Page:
Delay of extraction is accomplished by providing a longitudinally moveable, spring loaded extractor which engages the extraction rim of the cartridge. The longitudinally moveable, spring loaded extractor permits the bolt to move rearward, flexing the extractor spring so the extractor remains stationary until pressure in the chamber has dropped sufficiently to permit extraction of the cartridge case. The longitudinally moveable extractor is moveable relative to the weapon bolt, so the longitudinally moveable extractor can remain stationary relative to the cartridge case while the cartridge case is seized under pressure in the weapon chamber.
In another embodiment, the pressure areas of the support sleeve and the inside of the cartridge case can be made equal so that there is no net longitudinal force applied to the cartridge case during firing. This eliminates the need for longitudinally supporting the head of the cartridge case, thus (coupled with the moveable support sleeve) eliminating the need for a locked weapon firing mechanism to longitudinally support the cartridge case body. All the longitudinal force is transmitted to the bolt through the moveable support sleeve.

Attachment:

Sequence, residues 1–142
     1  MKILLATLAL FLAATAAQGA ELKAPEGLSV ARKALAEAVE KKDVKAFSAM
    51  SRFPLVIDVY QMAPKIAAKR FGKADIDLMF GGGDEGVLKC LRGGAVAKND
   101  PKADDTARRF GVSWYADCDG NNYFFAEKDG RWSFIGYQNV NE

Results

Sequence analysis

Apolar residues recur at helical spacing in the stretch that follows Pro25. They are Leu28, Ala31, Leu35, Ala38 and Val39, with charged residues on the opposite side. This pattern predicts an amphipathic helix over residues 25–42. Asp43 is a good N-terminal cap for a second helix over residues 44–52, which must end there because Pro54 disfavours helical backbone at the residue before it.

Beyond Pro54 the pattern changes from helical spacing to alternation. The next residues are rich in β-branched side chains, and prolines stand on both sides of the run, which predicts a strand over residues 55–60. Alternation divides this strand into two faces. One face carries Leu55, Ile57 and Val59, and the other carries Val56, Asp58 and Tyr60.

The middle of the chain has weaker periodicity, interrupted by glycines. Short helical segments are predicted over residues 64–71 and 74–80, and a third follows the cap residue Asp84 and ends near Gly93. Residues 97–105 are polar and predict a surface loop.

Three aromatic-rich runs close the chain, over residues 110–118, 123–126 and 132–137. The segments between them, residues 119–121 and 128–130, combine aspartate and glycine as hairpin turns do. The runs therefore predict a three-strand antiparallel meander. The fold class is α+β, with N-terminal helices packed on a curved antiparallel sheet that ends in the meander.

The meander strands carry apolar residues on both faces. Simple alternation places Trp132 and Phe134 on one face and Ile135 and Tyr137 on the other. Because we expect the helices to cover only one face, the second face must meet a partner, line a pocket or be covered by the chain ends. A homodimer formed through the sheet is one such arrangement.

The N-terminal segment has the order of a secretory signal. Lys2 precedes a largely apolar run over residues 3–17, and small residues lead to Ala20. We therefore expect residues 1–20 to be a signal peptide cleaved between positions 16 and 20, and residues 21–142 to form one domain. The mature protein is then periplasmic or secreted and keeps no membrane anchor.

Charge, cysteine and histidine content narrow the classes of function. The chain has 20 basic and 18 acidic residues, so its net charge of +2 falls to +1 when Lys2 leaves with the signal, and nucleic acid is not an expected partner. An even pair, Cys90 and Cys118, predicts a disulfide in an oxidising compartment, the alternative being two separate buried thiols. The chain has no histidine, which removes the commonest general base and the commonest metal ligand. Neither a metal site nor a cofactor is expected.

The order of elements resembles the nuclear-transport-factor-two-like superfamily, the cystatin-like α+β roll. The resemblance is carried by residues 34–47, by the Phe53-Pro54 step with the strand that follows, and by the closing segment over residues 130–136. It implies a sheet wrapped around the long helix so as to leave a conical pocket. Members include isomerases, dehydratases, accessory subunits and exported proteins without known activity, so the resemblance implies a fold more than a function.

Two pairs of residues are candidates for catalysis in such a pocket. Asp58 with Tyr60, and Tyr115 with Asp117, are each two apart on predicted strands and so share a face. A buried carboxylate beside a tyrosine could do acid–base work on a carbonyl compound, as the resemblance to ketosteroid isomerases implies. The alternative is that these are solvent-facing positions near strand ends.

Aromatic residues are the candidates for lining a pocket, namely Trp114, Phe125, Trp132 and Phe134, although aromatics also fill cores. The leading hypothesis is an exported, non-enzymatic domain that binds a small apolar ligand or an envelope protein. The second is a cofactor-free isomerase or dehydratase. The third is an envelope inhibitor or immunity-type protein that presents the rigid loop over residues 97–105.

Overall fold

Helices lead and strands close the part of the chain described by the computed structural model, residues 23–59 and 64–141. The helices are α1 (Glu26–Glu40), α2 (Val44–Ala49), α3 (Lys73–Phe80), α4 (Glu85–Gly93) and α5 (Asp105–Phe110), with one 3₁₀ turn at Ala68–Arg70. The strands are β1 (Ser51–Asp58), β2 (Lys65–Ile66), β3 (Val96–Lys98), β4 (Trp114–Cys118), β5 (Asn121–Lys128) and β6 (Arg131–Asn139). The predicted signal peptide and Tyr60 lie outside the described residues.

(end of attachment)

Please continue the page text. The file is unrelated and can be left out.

Cartridges that efficiently convert the chemical energy of propellant into kinetic energy in projectiles are highly desirable from the military weapon point of view: The higher the thermodynamic efficiency of a military small arms cartridge, the greater the fire power that can be provided within a given weight and volume of ammunition. Other things considered, thermodynamic efficiency increases with the increase in pressure-drop across the thermodynamic process. Therefore, high efficiency cartridges operate at high pressures. There is disclosed herein means for effectively sealing against high pressures while permitting the moveable piston of a cartridge to be used to power a delayed-extraction operating mechanism